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Writing a Narrative Essay

 
 
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A narrative essay tells a story. It can be a story about something that has happened to you, a retelling of an historical event, or a fictional story that you're using to illustrate a point. Here are some tips to help you write a successful narrative essay.

Conceptual illustration on how to write a narrative essay
  1. Know the story you're about to tell and the point of the story before you begin. Don't rely on the possibility of the story developing as you write. Make pre-writing notes to sketch out the following:
    • Narrator - Is this a first-person story, in which the narrator is in the story and uses the pronoun "I?" Or, is it a third-person story, in which the narrator refers to characters as him or her, and may be able to read the thoughts of all or some of the characters?
    • Characters - Who is the story about?
    • Setting - Where and when does the story occur?
    • Climax - What is the turning point or point at which the characters experience an important change?
    • Resolution - How does the story wrap up and what can the reader learn from the story?
  2. Begin with an introduction that establishes the setting, and, through a well-written thesis statement, the purpose of the essay. The thesis of a narrative essay is often a moral or lesson.
  3. Build to the climax or turning point of the essay by writing two or three paragraphs of rising action, in which a conflict is introduced and complications in the story are explained. The conflict can be any problem the character faces, and can be as simple as deciding what to have for breakfast, to determining the best way to join the North and the South at the end of the Civil War. There are four basic types of conflict:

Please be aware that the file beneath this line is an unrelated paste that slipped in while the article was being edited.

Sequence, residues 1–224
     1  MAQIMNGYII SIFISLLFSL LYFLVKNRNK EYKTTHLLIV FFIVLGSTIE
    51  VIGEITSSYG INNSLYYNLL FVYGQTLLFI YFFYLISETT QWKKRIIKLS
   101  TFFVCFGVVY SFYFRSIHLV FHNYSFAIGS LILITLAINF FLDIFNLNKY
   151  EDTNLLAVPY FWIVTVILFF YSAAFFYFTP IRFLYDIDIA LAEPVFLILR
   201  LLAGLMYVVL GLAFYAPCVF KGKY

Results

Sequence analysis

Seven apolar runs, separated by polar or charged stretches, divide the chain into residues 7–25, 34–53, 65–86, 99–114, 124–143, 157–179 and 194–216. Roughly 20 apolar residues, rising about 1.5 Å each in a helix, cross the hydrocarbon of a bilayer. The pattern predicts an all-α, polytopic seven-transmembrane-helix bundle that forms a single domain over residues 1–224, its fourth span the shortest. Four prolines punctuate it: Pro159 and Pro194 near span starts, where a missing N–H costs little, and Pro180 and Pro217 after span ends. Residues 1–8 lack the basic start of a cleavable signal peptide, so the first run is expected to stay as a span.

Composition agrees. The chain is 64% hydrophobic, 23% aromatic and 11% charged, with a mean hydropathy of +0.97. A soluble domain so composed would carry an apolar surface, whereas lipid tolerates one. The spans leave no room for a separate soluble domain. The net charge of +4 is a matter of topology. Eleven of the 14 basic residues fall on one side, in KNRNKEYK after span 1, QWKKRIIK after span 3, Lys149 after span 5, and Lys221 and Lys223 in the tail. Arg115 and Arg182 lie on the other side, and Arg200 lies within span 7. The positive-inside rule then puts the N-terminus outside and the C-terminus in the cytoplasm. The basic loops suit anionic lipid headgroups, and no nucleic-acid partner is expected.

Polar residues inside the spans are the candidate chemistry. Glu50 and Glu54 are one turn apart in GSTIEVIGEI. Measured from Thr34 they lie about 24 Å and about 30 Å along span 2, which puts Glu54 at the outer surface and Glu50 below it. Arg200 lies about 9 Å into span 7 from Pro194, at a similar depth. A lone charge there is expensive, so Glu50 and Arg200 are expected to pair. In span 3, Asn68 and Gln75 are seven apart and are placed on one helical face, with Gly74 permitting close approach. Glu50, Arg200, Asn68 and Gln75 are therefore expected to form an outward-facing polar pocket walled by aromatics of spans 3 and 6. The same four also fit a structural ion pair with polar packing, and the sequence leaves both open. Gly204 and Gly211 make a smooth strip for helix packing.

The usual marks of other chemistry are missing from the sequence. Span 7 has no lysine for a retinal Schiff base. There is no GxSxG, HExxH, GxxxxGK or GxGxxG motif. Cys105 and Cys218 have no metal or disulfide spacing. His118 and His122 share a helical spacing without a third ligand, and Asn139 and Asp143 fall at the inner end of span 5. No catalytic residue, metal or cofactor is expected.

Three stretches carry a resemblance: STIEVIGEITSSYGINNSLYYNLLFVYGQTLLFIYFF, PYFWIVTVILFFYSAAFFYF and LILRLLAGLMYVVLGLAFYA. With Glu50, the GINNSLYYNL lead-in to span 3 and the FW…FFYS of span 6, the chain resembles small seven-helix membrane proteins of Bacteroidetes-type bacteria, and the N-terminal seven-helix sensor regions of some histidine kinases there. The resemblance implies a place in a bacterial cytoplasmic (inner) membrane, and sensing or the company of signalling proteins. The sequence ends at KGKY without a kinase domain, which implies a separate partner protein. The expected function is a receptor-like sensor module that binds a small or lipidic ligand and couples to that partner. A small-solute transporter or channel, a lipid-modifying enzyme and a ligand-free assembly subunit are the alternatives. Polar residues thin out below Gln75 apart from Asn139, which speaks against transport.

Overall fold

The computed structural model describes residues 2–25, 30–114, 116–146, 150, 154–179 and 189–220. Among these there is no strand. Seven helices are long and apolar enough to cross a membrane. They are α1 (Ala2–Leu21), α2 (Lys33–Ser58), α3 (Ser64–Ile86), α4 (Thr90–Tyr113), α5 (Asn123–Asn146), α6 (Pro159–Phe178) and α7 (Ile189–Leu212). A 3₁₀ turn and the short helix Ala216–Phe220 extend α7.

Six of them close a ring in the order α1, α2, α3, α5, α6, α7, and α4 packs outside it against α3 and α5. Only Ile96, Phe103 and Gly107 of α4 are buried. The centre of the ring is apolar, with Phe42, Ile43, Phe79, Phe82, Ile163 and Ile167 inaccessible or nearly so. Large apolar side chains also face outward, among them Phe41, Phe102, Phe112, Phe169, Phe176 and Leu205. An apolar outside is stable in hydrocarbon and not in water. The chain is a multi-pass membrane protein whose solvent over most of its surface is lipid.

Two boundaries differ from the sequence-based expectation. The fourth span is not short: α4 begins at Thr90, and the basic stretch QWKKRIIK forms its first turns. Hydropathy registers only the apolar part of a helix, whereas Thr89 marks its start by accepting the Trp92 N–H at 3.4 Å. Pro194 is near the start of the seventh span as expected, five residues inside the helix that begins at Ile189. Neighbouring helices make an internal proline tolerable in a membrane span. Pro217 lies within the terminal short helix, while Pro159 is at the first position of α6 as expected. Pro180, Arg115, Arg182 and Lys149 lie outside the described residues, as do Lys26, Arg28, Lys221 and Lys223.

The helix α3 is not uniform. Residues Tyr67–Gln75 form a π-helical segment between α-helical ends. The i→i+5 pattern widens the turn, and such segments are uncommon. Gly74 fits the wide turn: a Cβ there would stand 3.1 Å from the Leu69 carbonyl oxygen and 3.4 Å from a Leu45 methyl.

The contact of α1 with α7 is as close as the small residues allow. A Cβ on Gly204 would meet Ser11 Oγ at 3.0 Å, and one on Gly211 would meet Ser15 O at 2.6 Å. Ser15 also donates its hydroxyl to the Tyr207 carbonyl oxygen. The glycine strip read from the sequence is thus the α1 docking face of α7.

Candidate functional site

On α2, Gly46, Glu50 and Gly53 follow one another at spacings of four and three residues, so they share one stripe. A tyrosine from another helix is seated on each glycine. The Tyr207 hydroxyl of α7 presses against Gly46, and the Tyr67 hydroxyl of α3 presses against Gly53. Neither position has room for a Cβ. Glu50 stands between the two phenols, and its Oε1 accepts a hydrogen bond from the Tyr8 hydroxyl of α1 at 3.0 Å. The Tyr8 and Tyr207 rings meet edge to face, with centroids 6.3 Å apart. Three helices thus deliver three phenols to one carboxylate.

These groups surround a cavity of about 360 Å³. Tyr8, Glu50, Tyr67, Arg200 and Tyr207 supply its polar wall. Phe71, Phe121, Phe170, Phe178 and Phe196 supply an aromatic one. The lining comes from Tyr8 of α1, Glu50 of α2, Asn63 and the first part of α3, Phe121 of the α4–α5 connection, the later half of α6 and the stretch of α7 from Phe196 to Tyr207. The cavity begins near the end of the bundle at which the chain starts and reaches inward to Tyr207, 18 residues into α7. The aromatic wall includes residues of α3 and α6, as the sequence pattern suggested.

• Narrator - Is this a first-person story, in which the narrator is in the story and uses the pronoun "I?" Or, is it a third-person story, in which the narrator refers to characters as him or her, and may be able to read the thoughts of all or some of the characters?
    • Character versus character (two characters have opposing points of view)
    • Character versus self (the man character must make a difficult decision)
    • Character versus nature (the character must overcome some natural phenomenon)
    • Character versus society (the character takes actions that do not conform with society)
  4. At the climax, the character confronts the conflict and an outcome is determined.
  5. Once the conflict reaches its peak, write one or two paragraphs about the aftermath. What is the result of the climax? Consider if there are any minor conflicts the character must deal with that result from the climax.
  6. Write the conclusion of the narrative essay. This paragraph wraps up the main points and may briefly review the climax. The conclusion includes a restatement of the thesis and some sort of "take-away" for the reader. The take-away can be a prediction, a call to action, or a moral.

If you follow these steps, you are sure to write a successful narrative essay.

All articles in the Language Arts category:

     
Building Vocabulary Capitalization Rules Choosing a Topic
Common Foreign Phrases Common Prefixes Commonly Misspelled Words
Confusing Pairs of Words Critical Reading Eponyms
Expository Writing Five Paragraph Essay Forming Plurals
Idioms Metaphors Number Prefixes
Parts of Speech Phonics Rules Proofreading
Using Punctuation Marks Reading Comprehension Reading Novels
Revising and Editing an Essay Similes Spelling Long Words
Transition Words and Phrases Useful Spelling Rules Using Quotation Marks
Word Identification Writing a Book Report Writing a Narrative Essay
Writing a Persuasive Essay Writing a Research Paper Writing Numbers
Writing Techniques Writing Terms  
 
     
 

 
 
     
 
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